NEW YORK—When Laurie Fabiano was 16, she discovered her grandmother had been kidnapped by one of the many Italian gangs on Elizabeth Street in Lower Manhattan at the turn of the century.
It set Fabiano off on a journey to learn more about her family history, and what she uncovered informed her novel, “Elizabeth Street,” a rare story amid a popular romanticization of the Mafia.
Despite so much rebuilding on Elizabeth Street, the decade Fabiano spent researching the area has given her a unique perspective.
“For me, when I walk around that area, it’s really bizarre because I’m walking around with 1909 eyes, and everything I’m seeing, I’m seeing in relation to that time period,” Fabiano said. “That particular neighborhood is just filled with history.”
Fabiano is one of the 100-plus people who will be leading Jane’s Walks around New York City this weekend in celebration of the urbanist Jane Jacobs’s birthday.
Jane Jacobs’s Legacy
“More and more, people come from all over the world specifically for Jane’s Walk,” said Mary Rowe, director of Urban Resilience and Livability at the Municipal Art Society (MAS). The mission of MAS is to promote urban literacy, and Jane’s Walks are “a beautiful way to animate that,” Rowe said.
Though Jane Jacobs was not an urban planner by education or profession, her ideas have undeniably influenced the growth of cities through the present day.
“Cities have the capability of providing something for everybody, only because, and only when, they are created by everybody,” Jacobs wrote in her book, “The Life and Death of Great American Cities.”
Jacobs’s ideas came from the keen observation of the neighborhoods and cities she lived in. The walks, which started seven years ago in Toronto, aim to do the same. They’ve since expanded to over 100 cities globally and not all on foot. From Adelaide to Zurich, fans of Jacobs’s work puts it into practice by getting to know cities at the street level.
Some of the walk leaders have studied Jacobs thoroughly. Others come in through word-of-mouth to share the neighborhoods where they live or work, or just take a particular interest in.
“It’s surprising the range of people you get,” said architect David Cunningham, who is leading a walk in Tribeca for the second year.
“There was someone from the local community board, longtime residents, someone from Seattle, Scandinavia,” he said.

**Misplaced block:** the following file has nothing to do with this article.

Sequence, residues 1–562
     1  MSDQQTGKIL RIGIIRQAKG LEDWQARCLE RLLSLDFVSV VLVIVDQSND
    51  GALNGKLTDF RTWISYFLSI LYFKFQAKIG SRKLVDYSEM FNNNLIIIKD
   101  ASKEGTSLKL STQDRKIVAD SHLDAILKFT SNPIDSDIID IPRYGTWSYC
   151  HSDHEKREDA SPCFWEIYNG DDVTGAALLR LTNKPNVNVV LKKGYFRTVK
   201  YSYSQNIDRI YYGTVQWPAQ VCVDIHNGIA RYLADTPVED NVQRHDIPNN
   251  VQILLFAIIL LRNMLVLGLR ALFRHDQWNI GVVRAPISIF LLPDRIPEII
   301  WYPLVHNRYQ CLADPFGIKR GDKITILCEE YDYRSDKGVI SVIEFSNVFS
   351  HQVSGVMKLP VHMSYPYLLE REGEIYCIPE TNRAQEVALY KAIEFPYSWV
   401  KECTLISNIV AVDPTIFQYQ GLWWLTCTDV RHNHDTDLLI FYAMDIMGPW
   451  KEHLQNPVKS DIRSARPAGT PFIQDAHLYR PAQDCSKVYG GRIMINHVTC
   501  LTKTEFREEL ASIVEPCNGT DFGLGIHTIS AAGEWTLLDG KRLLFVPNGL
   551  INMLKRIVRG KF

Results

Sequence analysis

Environmental artist Mary Miss is collaborating with game designer Josh Debonis to create something of a treasure hunt on her walk near Madison Square/Flatiron.
“[Jane Jacobs] is like something that’s in the air you breathe if you’re an artist or designer that’s interested in the public realm,” Miss said.
Miss began doing Jane’s Walks three years ago to highlight her project Broadway: 1000 Steps. That first year, the walk was a grand 12 hours (most are closer to 90 minutes) down Broadway, from the Bronx to the tip of Lower Manhattan.
Though Miss hasn’t even read Jacobs since her college years decades ago, the ideas seem to inform every aspect of her work. The project, which includes many PlaNYC initiatives, brings environmental issues to the street level in a way that engages the average person.
It’s about the importance of place, Miss said, and “trying to create a more intimate connection to the city, trying to keep a diverse culture instead of ending up with a monoculture.”
Jane’s Walks are open conversations, not walking tours.
“The idea behind a Jane’s Walk is everyone contributes their observations,” said economist Sanford Ikeda. As a professor at Purchase College, he’s used to giving lectures. “I’m trying very hard to not make it a monologue.”
Ikeda has studied Jacobs’s theories of the economy of cities, comparing her work to other economists. “Jane Jacobs considered her main contribution to intellectual thought economic theory, even though she’s considered an urbanist,” he said.
Ikeda has lived in Brooklyn Heights with his family for 20 years and will lead his fourth walk of the neighborhood this weekend. It’s the city’s first historic district, but the walk will focus on how people use public spaces, not just the built environment itself.
“I always learn something. Sometimes tour guides have taken my walk, architectural historians have taken my walk,” Ikeda said.
The sharing of knowledge is something that occurs on every walk, Rowe said, so new leaders shouldn’t be hesitant just because they feel like they don’t have all the answers. More and more new leaders join every year.
Form and Function
About two years ago, Upper East Side plastic surgeon Alan Engler wrote a book about a plastic surgeon leading a walking tour going back in time.
This weekend, he’ll do the same.
“I find the Gilded Age particularly beautiful from an art standpoint,” Engler said. Parts of the Upper East Side are landmarked, creating a sort of museum on the street from when the Fricks and Carnegies and Vanderbilts gifted their daughters elegant townhouses for their weddings.
It will be Engler’s first walk, though he has led tours as a docent through Grand Central Terminal in his spare time since last fall.
Art and architecture aren’t an added interest for Engler, he said, they bring the best of form and function in a way he sees in plastic surgery as well. For example, the main terminal in Grand Central is beautiful, but the station itself is ingenious and efficient, Engler said.
“They could’ve just left it as a big concrete slab, but they didn’t,” Engler said. “It’s very much the same thing in plastic surgery, I started my work in hand surgery … you’re talking about restoring the function but you also want to make it look as nice as possible.”
And the buildings on the Upper East Side are beautiful.
“They’re real characters from that time,” Engler said of the buildings and their original owners. “I just find it interesting and intriguing, and so do other people.”